The Origins of Shame
Its roots in early trauma and failures of attachment during infancy.
Posted Nov 08, 2012
The YouTube video below was brought to my attention by a long-term client who also happens to be an excellent therapist and works extensively with concepts of shame in her own practice. It's fascinating, informative and provides a neurological basis for an understanding of the kind of shame that I write about. The primary lecturer, Allan Schore, and the other researchers don't discuss shame, in particular—they approach this topic from the perspective of attachment theory; but as you'll see, their explanation of neurological development in the infant helps us understand how an early and deep-seated shame takes root.
You're no doubt familiar with the nature vs. nurture debate concerning the relative importance of heredity and the environment. Nowadays, the prevailing view seems to be that it's neither one nor the other but an interaction between the two that defines us. Even so, most people assume that you are born into the world with your complete genetic makeup and that you then interact with your environment. The primary lecturer in this video—Allan Schore, a member of the clinical faculty of the Department of Psychiatry and Behavioral Sciences at UCLA—challenges this view:
"One of the great fallacies that many scientists have is that everything that is before birth is genetic and that everything that is after birth is learned. This is not the case." He goes on to explain that there is much more genetic material in the brain at ten months than at birth. Only the brain stem or "primitive brain" is "well advanced" at birth; the rest of the brain continues to unfold and develop for the next two years as neurons become myelinated and interconnect. This development does not occur in an automatic and predetermined way; rather, it is powerfully affected by the environment, in particular by interactions and relationships with the primary caretakers.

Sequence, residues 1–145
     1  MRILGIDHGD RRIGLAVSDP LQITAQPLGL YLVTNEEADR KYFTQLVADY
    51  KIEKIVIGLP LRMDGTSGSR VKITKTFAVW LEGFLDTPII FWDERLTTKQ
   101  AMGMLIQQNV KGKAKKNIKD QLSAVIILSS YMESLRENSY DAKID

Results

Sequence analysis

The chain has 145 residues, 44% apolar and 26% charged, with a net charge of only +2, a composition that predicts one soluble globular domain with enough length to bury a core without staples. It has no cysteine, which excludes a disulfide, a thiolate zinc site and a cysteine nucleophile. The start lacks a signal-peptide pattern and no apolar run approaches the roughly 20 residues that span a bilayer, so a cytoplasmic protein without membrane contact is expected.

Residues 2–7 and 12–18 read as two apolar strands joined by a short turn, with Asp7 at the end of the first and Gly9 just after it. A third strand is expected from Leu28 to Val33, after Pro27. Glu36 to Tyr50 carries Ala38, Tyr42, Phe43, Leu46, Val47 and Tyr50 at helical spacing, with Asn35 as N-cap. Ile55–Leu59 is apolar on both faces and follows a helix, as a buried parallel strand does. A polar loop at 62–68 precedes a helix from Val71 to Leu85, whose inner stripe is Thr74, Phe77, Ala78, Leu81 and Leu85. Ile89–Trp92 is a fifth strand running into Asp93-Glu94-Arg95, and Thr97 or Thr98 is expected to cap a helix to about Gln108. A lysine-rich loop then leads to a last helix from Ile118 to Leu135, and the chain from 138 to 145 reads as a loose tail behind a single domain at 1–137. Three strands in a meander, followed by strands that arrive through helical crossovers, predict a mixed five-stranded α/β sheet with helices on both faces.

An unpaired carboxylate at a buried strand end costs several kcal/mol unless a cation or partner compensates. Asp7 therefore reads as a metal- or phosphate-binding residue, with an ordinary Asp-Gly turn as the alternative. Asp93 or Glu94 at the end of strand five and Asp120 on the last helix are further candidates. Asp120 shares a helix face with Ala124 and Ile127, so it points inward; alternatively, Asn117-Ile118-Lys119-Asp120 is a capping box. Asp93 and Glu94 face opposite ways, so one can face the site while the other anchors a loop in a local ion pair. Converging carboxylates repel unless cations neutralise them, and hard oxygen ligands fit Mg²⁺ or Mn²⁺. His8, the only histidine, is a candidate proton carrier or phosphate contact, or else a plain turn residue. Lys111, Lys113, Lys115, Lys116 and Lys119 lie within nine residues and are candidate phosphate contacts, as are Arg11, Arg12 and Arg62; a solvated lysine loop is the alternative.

It's a more nuanced view of the nature vs. nurture debate. Not only is it nature and nurture, as most of us already believe; an individual's particular genetic makeup (nature) also continues to evolve during the first two years of life under the influence of the environment (nurture). In other words, what happens to you, emotionally and psychologically, during those first two years, and especially in the first nine months of life, will powerfully influence your neurobiological development, determining how your brain takes shape in lasting ways. Most important among the brain parts that develop during these early months are those that involve the "emotional and social functioning of the child." And if those parts of the brain are to develop appropriately, "certain experiences are needed. Those experiences are embedded in the relationship between the caretaker and the infant."
At about the 5:45-minute mark in the video, Schore makes the following statement: "there's something necessary...that the human brain needs in terms of other human contact, for it to grow. It's a 'use it or lose it' situation. Cells that fire together, wire together. Cells that do not, die together." The idea is related to the notion of critical periods: organisms have a heightened sensitivity to certain environmental sitimuli during specific periods of their development. If the organism does not receive appropriate stimuli during this critical period, it may never develop certain functions, or develop them with great difficulty or in limited ways.